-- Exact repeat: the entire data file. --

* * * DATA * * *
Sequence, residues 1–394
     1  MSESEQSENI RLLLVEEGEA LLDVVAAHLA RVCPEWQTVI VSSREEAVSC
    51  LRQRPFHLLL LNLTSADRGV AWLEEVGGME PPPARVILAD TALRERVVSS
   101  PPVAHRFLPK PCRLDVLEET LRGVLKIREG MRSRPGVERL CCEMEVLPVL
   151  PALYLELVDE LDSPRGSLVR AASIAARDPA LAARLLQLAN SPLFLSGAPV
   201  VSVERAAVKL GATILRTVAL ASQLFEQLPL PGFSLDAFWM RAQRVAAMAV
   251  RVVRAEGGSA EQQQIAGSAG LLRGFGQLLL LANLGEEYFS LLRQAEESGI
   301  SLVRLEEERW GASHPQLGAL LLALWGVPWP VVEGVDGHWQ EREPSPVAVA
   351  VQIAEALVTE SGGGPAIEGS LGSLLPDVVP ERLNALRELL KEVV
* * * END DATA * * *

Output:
Sequence, residues 1–394
     1  MSESEQSENI RLLLVEEGEA LLDVVAAHLA RVCPEWQTVI VSSREEAVSC
    51  LRQRPFHLLL LNLTSADRGV AWLEEVGGME PPPARVILAD TALRERVVSS
   101  PPVAHRFLPK PCRLDVLEET LRGVLKIREG MRSRPGVERL CCEMEVLPVL
   151  PALYLELVDE LDSPRGSLVR AASIAARDPA LAARLLQLAN SPLFLSGAPV
   201  VSVERAAVKL GATILRTVAL ASQLFEQLPL PGFSLDAFWM RAQRVAAMAV
   251  RVVRAEGGSA EQQQIAGSAG LLRGFGQLLL LANLGEEYFS LLRQAEESGI
   301  SLVRLEEERW GASHPQLGAL LLALWGVPWP VVEGVDGHWQ EREPSPVAVA
   351  VQIAEALVTE SGGGPAIEGS LGSLLPDVVP ERLNALRELL KEVV